1995: The year the future began
Even as 1995 unfolded, it became clear that the year would be regarded as a hinge moment, as an important transitory time near the end of the millennium.
As I note in my latest book, 1995: The Year the Future Began, that the domestic terrorist bombing of the federal building in Oklahoma City and the acquittal of O. J. Simpson at what was widely called the “Trial of the Century” gave 1995 an immediate “cast of exceptionality.”
The year offered evidence as well that the Internet and World Wide Web were entering mainstream consciousness. Amazon.com opened for business online 20 years ago this month. Netscape Communications Corporation, a 16-month-old startup and maker of the very popular Navigator Web browser, went public in August 1995, demonstrating in electrifying fashion the money-making potential of the online world.
The online dating service Match.com got going in 1995. So, too, did the predecessors to Craigslist and eBay. Microsoft introduced the first version of its Web browser, Internet Explorer, in 1995. The New York Times made its first toe-dipping forays into cyberspace that year, too.
There was other, more humble evidence that 1995 was a tipping point — evidence offered 20 years ago today when Smith Corona Corporation, the 113-year-old maker of typewriters, declared Chapter 11 bankruptcy protection from creditors.
Smith Corona was the last prominent, U.S.-based manufacturer of typewriters, and its bankruptcy confirmed the sure passing of a dated technology. By 1995, more than half of American adults were using computers at home or in the workplace and the typewriter was becoming a relic, if often fondly remembered. Smith Corona, whose portable computers once were an essential to high school and college students, had fallen victim to the computer revolution, as the New York Times observed.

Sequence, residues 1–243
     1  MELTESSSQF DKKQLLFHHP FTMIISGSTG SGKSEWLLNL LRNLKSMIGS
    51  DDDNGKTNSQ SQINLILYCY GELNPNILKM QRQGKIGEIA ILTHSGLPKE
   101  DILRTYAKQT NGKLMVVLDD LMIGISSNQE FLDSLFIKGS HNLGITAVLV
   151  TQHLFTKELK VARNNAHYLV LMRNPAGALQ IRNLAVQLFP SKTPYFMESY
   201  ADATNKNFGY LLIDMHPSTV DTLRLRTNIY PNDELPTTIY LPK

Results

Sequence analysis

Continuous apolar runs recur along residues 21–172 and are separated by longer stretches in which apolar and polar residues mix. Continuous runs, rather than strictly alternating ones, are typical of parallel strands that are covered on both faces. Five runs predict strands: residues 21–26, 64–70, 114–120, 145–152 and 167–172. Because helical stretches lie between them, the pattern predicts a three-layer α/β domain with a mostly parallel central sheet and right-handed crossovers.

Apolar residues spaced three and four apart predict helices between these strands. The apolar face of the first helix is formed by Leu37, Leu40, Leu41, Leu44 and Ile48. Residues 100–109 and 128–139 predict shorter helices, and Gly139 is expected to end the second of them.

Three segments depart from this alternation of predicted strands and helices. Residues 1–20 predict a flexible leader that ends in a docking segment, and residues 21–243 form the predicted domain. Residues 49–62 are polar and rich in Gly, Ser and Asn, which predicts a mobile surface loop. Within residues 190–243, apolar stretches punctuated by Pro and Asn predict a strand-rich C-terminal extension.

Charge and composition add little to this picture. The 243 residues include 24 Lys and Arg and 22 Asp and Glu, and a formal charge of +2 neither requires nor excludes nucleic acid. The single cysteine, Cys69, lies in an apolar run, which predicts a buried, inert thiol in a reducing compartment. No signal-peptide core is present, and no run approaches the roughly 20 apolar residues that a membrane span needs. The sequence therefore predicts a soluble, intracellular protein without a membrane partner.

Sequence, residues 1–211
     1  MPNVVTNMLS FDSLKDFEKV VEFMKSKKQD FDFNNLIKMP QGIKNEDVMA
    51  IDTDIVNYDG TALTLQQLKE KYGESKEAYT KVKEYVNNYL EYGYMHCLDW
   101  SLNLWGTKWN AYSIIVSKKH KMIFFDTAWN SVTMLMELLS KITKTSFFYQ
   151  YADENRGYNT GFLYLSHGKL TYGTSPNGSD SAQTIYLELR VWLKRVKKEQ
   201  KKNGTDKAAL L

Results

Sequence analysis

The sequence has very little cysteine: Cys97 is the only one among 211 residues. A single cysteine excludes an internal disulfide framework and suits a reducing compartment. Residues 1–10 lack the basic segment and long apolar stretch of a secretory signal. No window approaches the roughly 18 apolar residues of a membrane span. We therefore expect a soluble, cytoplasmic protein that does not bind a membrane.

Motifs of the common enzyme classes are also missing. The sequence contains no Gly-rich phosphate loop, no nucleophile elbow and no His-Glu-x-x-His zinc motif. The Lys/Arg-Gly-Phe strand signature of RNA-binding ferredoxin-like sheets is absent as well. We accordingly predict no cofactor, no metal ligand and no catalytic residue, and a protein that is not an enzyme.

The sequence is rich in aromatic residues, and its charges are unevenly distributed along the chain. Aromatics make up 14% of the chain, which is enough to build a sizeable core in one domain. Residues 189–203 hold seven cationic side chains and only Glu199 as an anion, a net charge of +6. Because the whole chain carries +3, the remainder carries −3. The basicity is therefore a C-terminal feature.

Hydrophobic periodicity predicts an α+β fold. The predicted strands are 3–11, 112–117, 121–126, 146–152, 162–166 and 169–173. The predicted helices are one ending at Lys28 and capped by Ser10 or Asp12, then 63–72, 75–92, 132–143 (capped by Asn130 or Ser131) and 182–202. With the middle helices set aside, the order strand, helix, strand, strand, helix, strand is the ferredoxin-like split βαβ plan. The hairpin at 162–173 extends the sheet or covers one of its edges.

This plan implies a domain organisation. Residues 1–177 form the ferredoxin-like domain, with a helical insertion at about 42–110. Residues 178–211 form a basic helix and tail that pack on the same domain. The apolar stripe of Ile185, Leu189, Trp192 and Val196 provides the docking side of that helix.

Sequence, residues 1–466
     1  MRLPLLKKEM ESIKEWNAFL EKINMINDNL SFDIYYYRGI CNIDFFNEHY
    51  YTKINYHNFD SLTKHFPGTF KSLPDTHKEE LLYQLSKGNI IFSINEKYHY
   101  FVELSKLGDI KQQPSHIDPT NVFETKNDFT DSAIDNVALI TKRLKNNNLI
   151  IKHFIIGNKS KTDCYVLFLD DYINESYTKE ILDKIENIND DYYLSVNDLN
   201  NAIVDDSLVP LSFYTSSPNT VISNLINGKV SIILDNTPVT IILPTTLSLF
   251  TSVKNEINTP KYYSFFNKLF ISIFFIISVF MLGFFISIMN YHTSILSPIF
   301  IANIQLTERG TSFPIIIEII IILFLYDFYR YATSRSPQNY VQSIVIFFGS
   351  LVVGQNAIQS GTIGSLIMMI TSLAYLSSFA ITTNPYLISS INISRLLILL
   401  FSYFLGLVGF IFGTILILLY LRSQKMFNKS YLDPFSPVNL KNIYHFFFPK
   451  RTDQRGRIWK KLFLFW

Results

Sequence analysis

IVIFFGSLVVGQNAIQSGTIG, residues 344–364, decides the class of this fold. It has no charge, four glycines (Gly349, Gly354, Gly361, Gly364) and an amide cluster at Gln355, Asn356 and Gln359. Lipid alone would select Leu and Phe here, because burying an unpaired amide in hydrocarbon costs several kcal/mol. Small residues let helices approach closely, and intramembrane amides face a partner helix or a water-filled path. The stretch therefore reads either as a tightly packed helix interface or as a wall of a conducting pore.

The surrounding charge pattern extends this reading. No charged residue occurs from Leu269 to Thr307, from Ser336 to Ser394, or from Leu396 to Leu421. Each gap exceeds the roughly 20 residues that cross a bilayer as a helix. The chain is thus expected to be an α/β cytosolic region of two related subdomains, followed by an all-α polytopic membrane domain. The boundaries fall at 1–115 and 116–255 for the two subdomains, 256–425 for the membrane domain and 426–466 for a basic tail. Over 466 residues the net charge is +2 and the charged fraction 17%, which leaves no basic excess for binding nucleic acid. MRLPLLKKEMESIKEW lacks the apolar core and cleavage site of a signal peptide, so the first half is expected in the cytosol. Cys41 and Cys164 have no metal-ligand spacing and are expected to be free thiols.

That Smith Corona was a distressed company had been apparent for some time. In May 1995, the company that also made word processing machines and had tentatively entered the computer market in the early 1990s announced deep cuts in its work force. By the time of its bankruptcy in 1995, it was largely an afterthought in corporate America. As the Los Angeles Times noted then:
“Few follow its fortunes on Wall Street any more; it dropped out of the office-equipment industry trade association a few years ago; and its claim to be the sole remaining U.S. maker of portable typewriters rings hollow.”
Smith Corona was unable to adapt to the competition from personal computers. And it was a company that did not understand “how fast change would come,” as Forbes magazine observed in 2000, when Smith Corona again entered Chapter 11 bankruptcy protection.
“Things might have been different had the company found the courage to shuck off its legacy,” Forbes said then. “A quick look at the archives would have yielded a precedent to justify switching businesses. Before they started their typewriter company in 1886, the Smith brothers – Lyman, Wilbert, Monroe and Hulbert – had been gunsmiths.”
The typewriter had been invented in the 1860s and had a long association with American journalism. It became a clattering feature of U.S. newsrooms in the late 1890s, a time when young reporters were advised to buy a typewriter and learn to use it. Not until the late 1970s and 1980s, with the rise of computer technology, were typewriters supplanted in newsrooms.
The bankruptcy announcement 20 years ago produced a spasm or two of nostalgia. But even then, it was becoming evident that digital was the future, and that Smith Corona’s eclipse was a modest milestone in that transition.
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